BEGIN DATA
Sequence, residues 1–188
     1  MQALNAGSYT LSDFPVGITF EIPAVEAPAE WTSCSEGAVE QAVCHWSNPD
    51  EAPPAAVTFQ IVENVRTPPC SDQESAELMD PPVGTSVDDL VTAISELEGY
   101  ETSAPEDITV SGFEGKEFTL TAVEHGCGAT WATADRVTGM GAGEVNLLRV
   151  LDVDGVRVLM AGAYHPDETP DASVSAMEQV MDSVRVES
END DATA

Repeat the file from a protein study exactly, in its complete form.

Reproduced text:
Sequence, residues 1–188
     1  MQALNAGSYT LSDFPVGITF EIPAVEAPAE WTSCSEGAVE QAVCHWSNPD
    51  EAPPAAVTFQ IVENVRTPPC SDQESAELMD PPVGTSVDDL VTAISELEGY
   101  ETSAPEDITV SGFEGKEFTL TAVEHGCGAT WATADRVTGM GAGEVNLLRV
   151  LDVDGVRVLM AGAYHPDETP DASVSAMEQV MDSVRVES